Jem and the Holograms
Story: Kelly Thompson & Sophie Campbell
Writer: Kelly Thompson
Art: Sophie Campbell
Colors: M. Victoria Robado
What's this? Jem? Drew, you discussed this book on this very blog six months ago! You're right, I did, but now the series has completed it's first arc and I have to give credit where credit is due. The series is written by Kelly Thompson WHO has a new book coming out this month called Heart in a Box! Search for it, it sounds awesome. Sophie Campbell draws this first arc. She has previously worked on Shadoweyes, Wet Moon, Glory, and The Abandoned (check out the podcast feed for my episode discussing that fantastic story).
The story, essentially, focuses on a group of 4 young ladies (sisters) and their band. Thanks to an incredible piece of technology, the the stage fright riddled lead singer of the band, Jerrica, is able to produce a hologram that allows her to perform confidently. That hologram's alias, obviously, is Jem. Thus, Jem and the Holograms are born and the internet goes crazy! Their popularity (and talent, of course) gets them into a battle of the bands hosted by/against another musical group known as The Misfits. The 2 bands become pretty instant rivals, and as the end of the arc is approached that rivalry becomes a bit extreme. Look, there's a lot going on, but that's this arc in the smallest of nutshells.
Thompson has reformed these characters in a way that pays respectable homage to the source material and what the fans want while still bringing something truly extraordinary to the table. The first issue gave each member of JatH solid voices, as we got snapshots of the band members personalities. As the series goes on though we see this explosion of personality as the characters deal with not only the stress of the band, but also relationships, responsibilities, publicity, and keeping a strong friendship/sisterhood. Thompson makes sure every character has their strengths and never feels the need to hide what they are thinking. Creating a world that many of us strive for, with a confidence in gender, sexuality, body, and ability, we see a wonderful cast of characters that people of all ages can enjoy and (at least for the main characters) look up to. We also get an incredible cast of villains. The Misfits and their assistants provide opposition that clearly threatens the success of JatH, but never to the point where the nature of the story is disrupted. There is humor and fun that remains constant throughout this whole story, as well as an obvious dedication to producing unique characters with just a pinch of nostalgia.
Campbell's art here is something to behold. As soon as you see the whimsical shapes and defining character make up on the first page you are sucked in, but then as the issues add up you see a direct evolution of comfort in these characters. By the end of this arc the visuals become absolutely captivating. That is especially apparent in the lavish outfits that the ladies get throughout the series and the hair styles that accompany them. It is pretty rare to see this level of detail being put into character definition, but here we are and I'm damn thankful for it. The panel layouts are primarily classic and produce an episodic nature to each page, with almost a cinematic take on close ups of faces. For the most part, the characters take up about 90% of the panels but when the need arises, Campbell jumps at the opportunity to provide background detail. This is most apparent during the parts when music is actually being performed and the lyrics are written into visual effects that make it look like actual concert lighting emanating from the stage. Also, I won't say how or why these are in the story, but guitar motorcycles are really damn neat. Further adding to the neon, lively atmosphere of this series are Robado's colors. There is a clear level of detail in making sure that even when having characters of a different color scheme (The Misfits) they still match this vibrant world. The colors also succeed in further accentuating the concert feel of the music scenes.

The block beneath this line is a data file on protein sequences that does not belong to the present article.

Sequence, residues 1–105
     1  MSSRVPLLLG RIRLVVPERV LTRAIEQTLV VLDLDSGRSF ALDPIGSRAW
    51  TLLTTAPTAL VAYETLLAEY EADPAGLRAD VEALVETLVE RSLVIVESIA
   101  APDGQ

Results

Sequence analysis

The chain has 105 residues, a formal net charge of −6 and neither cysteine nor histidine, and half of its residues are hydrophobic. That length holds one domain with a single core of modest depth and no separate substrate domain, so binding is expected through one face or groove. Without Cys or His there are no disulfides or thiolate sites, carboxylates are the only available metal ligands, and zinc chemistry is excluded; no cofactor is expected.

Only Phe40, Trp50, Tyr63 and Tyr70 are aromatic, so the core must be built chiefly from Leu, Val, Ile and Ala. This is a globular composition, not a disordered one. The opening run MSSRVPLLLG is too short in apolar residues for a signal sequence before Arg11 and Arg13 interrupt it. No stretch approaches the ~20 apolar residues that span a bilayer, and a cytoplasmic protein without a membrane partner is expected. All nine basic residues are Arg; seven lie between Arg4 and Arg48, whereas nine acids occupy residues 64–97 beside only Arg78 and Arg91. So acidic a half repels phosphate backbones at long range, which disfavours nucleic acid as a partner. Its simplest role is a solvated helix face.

Look, I don't look at sales numbers, so I don't actually know how this book is doing. What I do know is that those who aren't reading this are missing out! Granted, this title isn't for everyone, but it's absolutely worth a try, because there is a wealth of entertainment value in this series. Campbell and Thompson are clearly confident in their product, and that is apparent through their incredibly styled, well written characters and the general tone of the book. This series is all ages I'd say, as it maintains a fun but innocent story throughout. There is something in it for everyone whether it be good values, fun competition, or just a general love of music. Issue 6 came out on 9/4 but I'm sure that a trade can't be too far off, and check it out next month when #7 comes out with a new artist (at least until issue 11)! Give it a shot, you have nothing to lose but a hell of a great series to gain. Oh, and one last thing. Check out some of the fan art, there's some cool stuff out there.